The Way We Work
September 13, 2010 by Erica Benton

Whether you've got one remote worker or an entirely distributed team, getting a new online hire set up -- and running smoothly -- is critical to ensuring the success of your remote work program.

1. Set Great Expectations. Make it clear from the start what the expectations are for the position. What are the goals you will be judging his success by? What are the milestones you want him to hit along the way, and how quickly do you expect him to get there? This is typically a 15-minute conversation that takes place very soon after the hire is made. Laying out the expectations early on will make future reviews and feedback discussions fairly straightforward, and gives the newbie an opportunity to voice concerns or ask for clarification before an issue arises.

2. Create a "New Hire" Care Package. Unlike the packages your parents sent you as a kid at summer camp (though everyone loves MadLibs and bubblegum, right?), this one should include,  in one easy-to-find place, everything your remote worker needs to succeed:

  • Your contact info and usual availability to respond to messages.
  • The contact info of critical team members she will be working with, or whose work may impact her assignments.
  • A schedule of upcoming meetings and deadlines related to his assignment.
  • Logins/passwords and other tools she needs to gain access to the areas critical for her role. This access should be designated for your remote user in advance, so that you can turn over the keys to her little kingdom with minimal effort while still being able to see what changes are attributed to her unique login.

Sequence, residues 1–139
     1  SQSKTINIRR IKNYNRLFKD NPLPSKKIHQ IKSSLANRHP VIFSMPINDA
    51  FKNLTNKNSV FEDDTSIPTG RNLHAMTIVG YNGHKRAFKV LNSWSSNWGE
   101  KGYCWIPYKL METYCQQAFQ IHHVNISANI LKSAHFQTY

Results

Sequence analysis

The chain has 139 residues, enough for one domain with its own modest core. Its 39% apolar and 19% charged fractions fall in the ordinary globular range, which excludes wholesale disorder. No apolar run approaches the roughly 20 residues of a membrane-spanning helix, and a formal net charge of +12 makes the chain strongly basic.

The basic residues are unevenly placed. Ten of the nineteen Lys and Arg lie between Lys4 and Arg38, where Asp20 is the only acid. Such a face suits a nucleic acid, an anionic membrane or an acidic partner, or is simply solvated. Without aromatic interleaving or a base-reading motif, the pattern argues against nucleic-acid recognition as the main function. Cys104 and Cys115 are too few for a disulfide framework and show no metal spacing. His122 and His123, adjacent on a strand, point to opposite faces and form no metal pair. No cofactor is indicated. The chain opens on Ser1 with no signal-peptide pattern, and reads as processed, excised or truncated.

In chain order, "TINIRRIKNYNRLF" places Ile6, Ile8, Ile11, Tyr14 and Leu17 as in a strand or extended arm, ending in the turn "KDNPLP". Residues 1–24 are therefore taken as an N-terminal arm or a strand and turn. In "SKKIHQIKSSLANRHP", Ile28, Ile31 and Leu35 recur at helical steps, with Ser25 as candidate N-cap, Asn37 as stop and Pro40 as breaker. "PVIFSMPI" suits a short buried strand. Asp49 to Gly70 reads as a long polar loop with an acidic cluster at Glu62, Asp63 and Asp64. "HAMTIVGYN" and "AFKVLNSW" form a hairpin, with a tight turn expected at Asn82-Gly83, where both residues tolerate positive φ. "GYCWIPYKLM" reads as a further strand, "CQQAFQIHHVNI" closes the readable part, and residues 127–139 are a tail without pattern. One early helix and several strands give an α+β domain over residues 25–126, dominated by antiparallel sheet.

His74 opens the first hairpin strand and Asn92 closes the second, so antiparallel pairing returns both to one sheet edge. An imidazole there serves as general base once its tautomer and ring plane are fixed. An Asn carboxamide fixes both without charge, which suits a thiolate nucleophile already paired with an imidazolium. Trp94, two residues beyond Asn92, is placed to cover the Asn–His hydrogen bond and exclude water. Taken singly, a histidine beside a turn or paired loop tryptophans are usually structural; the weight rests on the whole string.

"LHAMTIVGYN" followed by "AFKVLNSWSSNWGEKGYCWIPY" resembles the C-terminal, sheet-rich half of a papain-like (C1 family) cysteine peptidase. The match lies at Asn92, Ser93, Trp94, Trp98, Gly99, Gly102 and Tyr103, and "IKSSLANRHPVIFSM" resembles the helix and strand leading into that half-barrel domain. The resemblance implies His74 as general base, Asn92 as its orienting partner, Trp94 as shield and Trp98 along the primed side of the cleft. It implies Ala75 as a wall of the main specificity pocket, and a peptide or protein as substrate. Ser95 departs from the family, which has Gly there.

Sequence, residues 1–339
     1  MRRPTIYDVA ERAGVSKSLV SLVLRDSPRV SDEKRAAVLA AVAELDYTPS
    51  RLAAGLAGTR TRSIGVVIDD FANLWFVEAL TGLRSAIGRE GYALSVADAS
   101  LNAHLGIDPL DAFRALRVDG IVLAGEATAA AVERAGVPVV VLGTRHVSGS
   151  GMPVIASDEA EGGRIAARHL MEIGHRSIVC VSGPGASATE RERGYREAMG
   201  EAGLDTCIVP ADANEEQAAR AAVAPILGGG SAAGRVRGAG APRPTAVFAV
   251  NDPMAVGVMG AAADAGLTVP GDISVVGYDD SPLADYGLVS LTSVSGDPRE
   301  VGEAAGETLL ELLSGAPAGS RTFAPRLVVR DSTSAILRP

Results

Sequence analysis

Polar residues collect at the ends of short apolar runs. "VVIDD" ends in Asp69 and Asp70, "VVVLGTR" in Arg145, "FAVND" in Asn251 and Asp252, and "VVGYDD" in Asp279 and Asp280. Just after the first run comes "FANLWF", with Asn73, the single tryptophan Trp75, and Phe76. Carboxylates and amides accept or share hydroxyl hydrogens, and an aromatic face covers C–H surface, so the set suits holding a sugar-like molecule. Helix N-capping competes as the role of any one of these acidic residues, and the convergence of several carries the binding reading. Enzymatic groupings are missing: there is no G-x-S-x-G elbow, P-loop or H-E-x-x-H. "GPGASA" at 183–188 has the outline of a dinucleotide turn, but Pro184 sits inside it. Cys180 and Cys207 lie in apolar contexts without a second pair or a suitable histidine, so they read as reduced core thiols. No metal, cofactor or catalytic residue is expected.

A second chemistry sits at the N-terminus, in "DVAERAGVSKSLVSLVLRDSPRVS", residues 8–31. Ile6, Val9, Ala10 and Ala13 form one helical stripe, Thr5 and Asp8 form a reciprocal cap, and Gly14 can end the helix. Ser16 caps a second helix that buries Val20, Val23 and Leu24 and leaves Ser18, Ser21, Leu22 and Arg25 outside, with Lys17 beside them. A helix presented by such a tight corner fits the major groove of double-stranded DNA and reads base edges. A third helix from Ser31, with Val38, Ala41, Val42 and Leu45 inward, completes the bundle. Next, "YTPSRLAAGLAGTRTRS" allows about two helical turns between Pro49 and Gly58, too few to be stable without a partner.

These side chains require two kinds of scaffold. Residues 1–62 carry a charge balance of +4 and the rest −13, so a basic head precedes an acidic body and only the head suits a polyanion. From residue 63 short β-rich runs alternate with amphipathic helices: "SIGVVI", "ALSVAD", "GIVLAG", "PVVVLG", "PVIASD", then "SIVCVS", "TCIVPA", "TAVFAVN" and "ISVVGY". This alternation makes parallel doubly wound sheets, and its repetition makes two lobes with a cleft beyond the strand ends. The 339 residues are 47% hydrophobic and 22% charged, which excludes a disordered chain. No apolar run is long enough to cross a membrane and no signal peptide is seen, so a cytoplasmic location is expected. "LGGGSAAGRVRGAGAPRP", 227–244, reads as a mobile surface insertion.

• Any existing documentation on the role he’ll be tackling.  A new writer on your team will need a copy of your company's style guidelines, a link to previous content that captures the desired "voice" of the company, and an editorial calendar outlining deadlines and assignments. A new developer joining your product team? Give him access the existing PRD, any completed wireframes or mockups and a Codesion account for a place to store code under construction.

3. Play Well With Others. Many times, a contractor is brought in to fill a gap on an existing team, but get thrown to the wolves. Make it easy for her to find her place in the group by sending email introductions to all team members she’ll be working with, with a brief explanation of each person's role and how they should interact with the remote worker on the current assignment. Note related areas of expertise on the existing team -- while you may not think your new forum moderator needs to know who in your office manages your blog, clarifying those relationships can help streamline communication during a crisis and integrate  your remote worker easily into your team.